ACTIVE VERSUS PASSIVE VOICE
To understand active and passive voice, look at the following sentences:
The officer returned the money to the driver. The money was returned to the driver by the officer.
The first sentence is written in active voice. â€œOfficerâ€ is the subject, â€œreturnedâ€ is the verb, â€œmoneyâ€ is the object, and â€œdriverâ€ is the indirect object. The â€œofficerâ€ is also the person taking the action of â€œreturningâ€ the money. Sentences written in active voice have the â€œperformerâ€ as the subject of the sentence, with the subject preceding the verb. The second sentence is written in passive voice. In passive voice sentences, the object of the action (the thing or person performed on) comes first, then the verb, and then the â€œperformer.â€
WRITING TIP: Locating the Direct and Indirect Objects
â€¢ To find the direct object in a sentence, ask â€œwhatâ€ or â€œwho.â€
â€¢ To find the indirect object in a sentence, ask â€œto whomâ€ or â€œfor whom.â€
So, to find the direct object in the first sentence, â€œwhatâ€ or â€œwhoâ€ did the officer return? The officer returned the money; thus â€œmoneyâ€ is the direct object.
To find the indirect object, â€œto whomâ€ or â€œfor whomâ€ did the officer return the money? The officer returned the money to the driver; thus â€œdriverâ€ is the indirect object.
Active voice is preferable in legal writing because it makes the sentence more powerful and easier to understand. See whether this is true by reading the two sentences. Which do you prefer? Passive voice is fine for those instances when you do not know or do not want to identify the performer. In the example provided, if you did not know who returned the money you could write:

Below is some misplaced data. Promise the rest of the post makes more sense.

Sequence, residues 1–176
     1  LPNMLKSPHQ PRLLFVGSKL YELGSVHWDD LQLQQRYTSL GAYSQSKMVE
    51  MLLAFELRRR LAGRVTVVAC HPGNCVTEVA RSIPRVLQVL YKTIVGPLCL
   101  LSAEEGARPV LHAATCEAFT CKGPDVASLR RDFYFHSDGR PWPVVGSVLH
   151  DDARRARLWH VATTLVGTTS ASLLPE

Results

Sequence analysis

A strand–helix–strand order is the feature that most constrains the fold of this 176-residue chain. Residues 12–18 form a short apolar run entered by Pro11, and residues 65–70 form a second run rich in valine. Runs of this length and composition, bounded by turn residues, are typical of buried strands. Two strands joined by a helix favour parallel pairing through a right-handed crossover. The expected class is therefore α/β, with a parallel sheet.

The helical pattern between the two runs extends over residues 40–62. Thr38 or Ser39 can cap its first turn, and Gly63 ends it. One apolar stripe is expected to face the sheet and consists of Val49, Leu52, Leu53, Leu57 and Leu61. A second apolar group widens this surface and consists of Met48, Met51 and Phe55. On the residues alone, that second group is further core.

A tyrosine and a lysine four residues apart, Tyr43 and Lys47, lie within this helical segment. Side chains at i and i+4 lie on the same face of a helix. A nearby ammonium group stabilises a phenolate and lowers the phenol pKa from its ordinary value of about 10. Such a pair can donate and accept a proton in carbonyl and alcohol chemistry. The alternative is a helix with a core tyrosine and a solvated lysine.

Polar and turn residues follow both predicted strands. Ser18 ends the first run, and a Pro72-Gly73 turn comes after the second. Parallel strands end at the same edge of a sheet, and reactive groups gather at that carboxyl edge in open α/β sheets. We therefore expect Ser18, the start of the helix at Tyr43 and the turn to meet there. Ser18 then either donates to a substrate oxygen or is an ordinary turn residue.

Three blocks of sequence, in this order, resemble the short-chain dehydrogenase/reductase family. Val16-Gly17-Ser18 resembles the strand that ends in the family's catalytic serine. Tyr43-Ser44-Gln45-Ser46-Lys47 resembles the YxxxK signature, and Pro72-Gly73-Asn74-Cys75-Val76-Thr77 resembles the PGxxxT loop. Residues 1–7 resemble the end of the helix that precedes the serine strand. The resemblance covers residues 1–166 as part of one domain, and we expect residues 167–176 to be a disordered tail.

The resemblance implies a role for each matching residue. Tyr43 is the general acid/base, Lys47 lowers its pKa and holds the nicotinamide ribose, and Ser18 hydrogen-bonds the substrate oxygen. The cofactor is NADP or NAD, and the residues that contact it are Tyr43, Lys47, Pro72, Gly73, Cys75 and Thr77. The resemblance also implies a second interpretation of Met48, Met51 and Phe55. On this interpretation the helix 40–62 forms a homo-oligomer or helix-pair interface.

The money was returned to the driver.
When you edit your writing and you find a sentence in passive voice, rewrite it in active voice. Even if the â€œperformerâ€ is not specifically identified in the sentence, you may be able to identify the performer by the context of the sentence.
Now, rewrite the following sentences in active voice:
1. A conversation between Inciarrano and the murder victim was surreptitiously recorded by the victim.
2. The vehicle was searched and Brandin was subsequently arrested.
3. The decision to deny his motion to suppress was affirmed by the appellate court.
4. The defendant was charged with possession of cocaine.
5. The defendantâ€™s motion to suppress the taped conversation was denied by the trial court.
6. Defendantâ€™s car was stopped and searched by a canine and he was subsequently arrested.
7. Brandin stopped his vehicle in the middle of the street and was approached by two men.
8. Brandin was observed by a deputy of the Street Crimes Unit around 9:15 p.m. in a known narcotics area.
9. The defendant was heard discussing a drug deal and was searched and arrested based on the conversation.
10. The suspect was arrested.
11. The conversation was intercepted and taped illegally by the police officer.
12. The suspectâ€™s conversation was recorded by the police officer.